By RACHIDA HARPER The Palm Beach Post
Delray Beach, Fla. (AP) – Briana Uoysse is used to auditioning.
A classically trained violinist, the 13-year-old successfully tried out for the Bak Middle School of the Arts in 2017 and is preparing to do the same to win a spot at the Dreyfoos School of the Arts for high school.
But all that didn’t prepare her for the power of the blues.
“I’ve learned that even though you go to school for music, you might not know everything about music,” Uoysse, an eighth-grader, said last week. “I learned so much that I didn’t know before.” Uoysse spent her holiday break with some 20 other students ages 7 to 18, immersing themselves in the blues at Delray Beach’s Arts Garage.
“It’s always good to introduce (students) to new stuff,” Georgette Johnson, Uoysse’s mom, said. “There’s different forms of music. There’s classical music, there’s jazz … This is a different type of music which represents our culture.” Students come from across the county, some with years of music lessons behind them, others who think they’d like to give music a try. They’re here to learn the blues – in a week.
Chicago Blues Hall of Fame inductee Fernando Jones established the Blues Kids of America Foundation on the South Side of Chicago in 1989. The program aims to preserve the art, performance and culture of the blues among youth in America.
Blues Camp followed 21 years later.
Jones has introduced students to the blues at camps in Illinois, Georgia, England, and most recently, Florida.
From Dec. 27 to Jan. 4, kids rehearsed tunes such as “Chicago (Has Got Everything You Need),” in preparation for a performance at a local venue that night.
Jones would assemble the students on the Arts Garage stage and take them through a song, and then they would do it all, from singing to manning the drums, piano, guitar and violin. Every day from 9 a.m. to noon., they added vibrancy to the usually tranquil venue.
Jones does not promise kids will become highly trained musicians in a matter of several days, but hopes they leave with a better sense of self.
“They’re learning to be proud people of color or African Americans,” Jones said, although the program is not restricted to African Americans. “They’re learning about themselves.” To join Blues Camp, students must be nominated by a parent or mentor. Because the program is free, students are required to submit only an audition video — playing or singing along to a song listed on the website.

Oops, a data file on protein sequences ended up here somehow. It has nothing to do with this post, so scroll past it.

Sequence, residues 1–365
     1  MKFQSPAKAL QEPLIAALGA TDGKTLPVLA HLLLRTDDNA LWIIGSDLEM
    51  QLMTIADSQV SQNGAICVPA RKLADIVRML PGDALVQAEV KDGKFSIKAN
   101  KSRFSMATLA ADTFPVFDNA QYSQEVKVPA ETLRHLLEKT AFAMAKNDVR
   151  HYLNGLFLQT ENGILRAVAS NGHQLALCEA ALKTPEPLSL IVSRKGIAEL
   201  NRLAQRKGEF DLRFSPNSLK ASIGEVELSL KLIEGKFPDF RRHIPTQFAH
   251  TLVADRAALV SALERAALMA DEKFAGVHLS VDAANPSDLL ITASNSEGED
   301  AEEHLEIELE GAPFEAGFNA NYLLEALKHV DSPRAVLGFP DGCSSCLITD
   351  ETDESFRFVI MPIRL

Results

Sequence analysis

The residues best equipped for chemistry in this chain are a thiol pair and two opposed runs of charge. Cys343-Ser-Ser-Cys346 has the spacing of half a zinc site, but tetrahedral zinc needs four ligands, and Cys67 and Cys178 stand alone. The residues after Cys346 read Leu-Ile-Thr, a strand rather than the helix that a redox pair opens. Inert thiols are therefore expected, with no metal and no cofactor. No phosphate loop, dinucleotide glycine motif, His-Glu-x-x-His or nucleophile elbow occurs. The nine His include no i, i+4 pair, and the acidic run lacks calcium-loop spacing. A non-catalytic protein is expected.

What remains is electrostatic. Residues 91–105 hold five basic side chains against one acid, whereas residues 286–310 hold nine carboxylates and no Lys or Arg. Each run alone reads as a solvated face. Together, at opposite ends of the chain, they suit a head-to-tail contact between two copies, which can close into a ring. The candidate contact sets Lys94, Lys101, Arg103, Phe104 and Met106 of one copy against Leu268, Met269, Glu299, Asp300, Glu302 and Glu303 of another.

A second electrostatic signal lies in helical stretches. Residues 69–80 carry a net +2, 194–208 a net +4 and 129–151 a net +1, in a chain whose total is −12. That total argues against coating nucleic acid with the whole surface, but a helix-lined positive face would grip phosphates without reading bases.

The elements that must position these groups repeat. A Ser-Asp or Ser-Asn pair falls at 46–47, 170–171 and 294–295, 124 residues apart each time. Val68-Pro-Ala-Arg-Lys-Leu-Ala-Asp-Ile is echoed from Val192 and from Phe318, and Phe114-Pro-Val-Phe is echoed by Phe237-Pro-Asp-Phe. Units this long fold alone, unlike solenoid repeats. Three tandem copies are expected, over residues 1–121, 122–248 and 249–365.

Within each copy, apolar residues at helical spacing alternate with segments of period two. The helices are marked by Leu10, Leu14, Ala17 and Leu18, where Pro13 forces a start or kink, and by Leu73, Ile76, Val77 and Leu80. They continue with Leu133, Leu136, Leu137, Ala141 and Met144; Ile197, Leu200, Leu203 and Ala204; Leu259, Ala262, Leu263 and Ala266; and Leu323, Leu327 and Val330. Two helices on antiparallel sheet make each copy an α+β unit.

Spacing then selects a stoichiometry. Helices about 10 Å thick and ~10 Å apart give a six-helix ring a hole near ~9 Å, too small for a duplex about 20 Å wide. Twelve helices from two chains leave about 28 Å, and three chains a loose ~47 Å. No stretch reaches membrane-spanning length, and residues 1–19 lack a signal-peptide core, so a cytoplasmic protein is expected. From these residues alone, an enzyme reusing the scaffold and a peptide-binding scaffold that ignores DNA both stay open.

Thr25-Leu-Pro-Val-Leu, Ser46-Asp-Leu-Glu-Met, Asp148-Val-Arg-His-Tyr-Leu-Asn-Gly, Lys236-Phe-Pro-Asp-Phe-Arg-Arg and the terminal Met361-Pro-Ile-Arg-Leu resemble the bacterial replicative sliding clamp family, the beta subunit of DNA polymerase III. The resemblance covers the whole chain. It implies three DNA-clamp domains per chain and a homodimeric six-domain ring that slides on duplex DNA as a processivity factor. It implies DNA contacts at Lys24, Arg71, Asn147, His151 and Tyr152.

Blues Camp came to South Florida through the help of KOP Mentoring Network of Delray Beach. The program seeks people like Jones to help kids become successful.
Founder C. Ron Allen wants to see youngsters thrive despite challenges including poverty, even homelessness.
Jones and Allen share a common goal: keeping kids out of trouble.
“Schools don’t do this. That’s why mentoring programs are so important,” Allen said. “We can reach these kids where they are and we can say `Hey, just go ahead and try. We are here to save you. We are here to help you. You are not alone.”’ Thanks to help provided by the Palm Beach County Sheriff’s Office, Annetta Jenkins of the Riviera Beach Community Redevelopment Agency and local churches, Allen says the program is a success.
Several students in the program are in need of positive learning experiences.
“How many kids right now, during this break, are home, getting in trouble, or doing something not as positive as this?” Allen said. “They’re here with us this week, and this is something they’re going to take away from here that’s going to serve them for a lifetime.”
Jones has memories growing up in Chicago that have shaped him into the musician he is today.
He recalls learning how to play the blues from his older brothers at 4 years old and receiving his first guitar from his uncle.
“From my experience in Chicago, little black boys get into trouble, not because they were born to get into trouble, but because they ain’t got nothing else to do,” Jones said.
Besides teaching students about the significance of the blues, Jones started Blues Camp because he wanted to provide kids with an incentive to stay out of trouble, like he had growing up.
Allen, a former crime reporter for the Sun-Sentinel, became tired of seeing youths wind up in the criminal justice system for foolish reasons.
For the past 28 years, Allen has used KOP Mentoring Network to provide youth in South Florida with the sources they need to make positive life choices.
A mutual friend introduced Jones and Allen. After a 15-minute phone call in May and a visit to Chicago this past July, Allen knew Blues Camp would be a great addition to KOPMN.
“In two days, I saw the transformation in these kids’ lives,” Allen said. “I said, `I want this in my city.”’ His first day at the camp, Allen noticed a young girl wearing a baseball cap. For two days, she sang with her head down. On the third day, she was no longer wearing the hat. By the last day of camp, she belted out songs with confidence to an audience.
Even though Blues Camp came to an end Saturday, the opportunity for students to grow continues. Jones and Allen have plans to take them to Blues Camp in Chicago this summer, and Jones wants to make the camp an annual holiday break event at Arts Garage.
“They’ve gotten the chance to get outside of the neighborhood, so now they can inspire another kid to dream, which has nothing to do with music at all,” Jones said. “It’s just a kid being able to dream and have an opportunity.”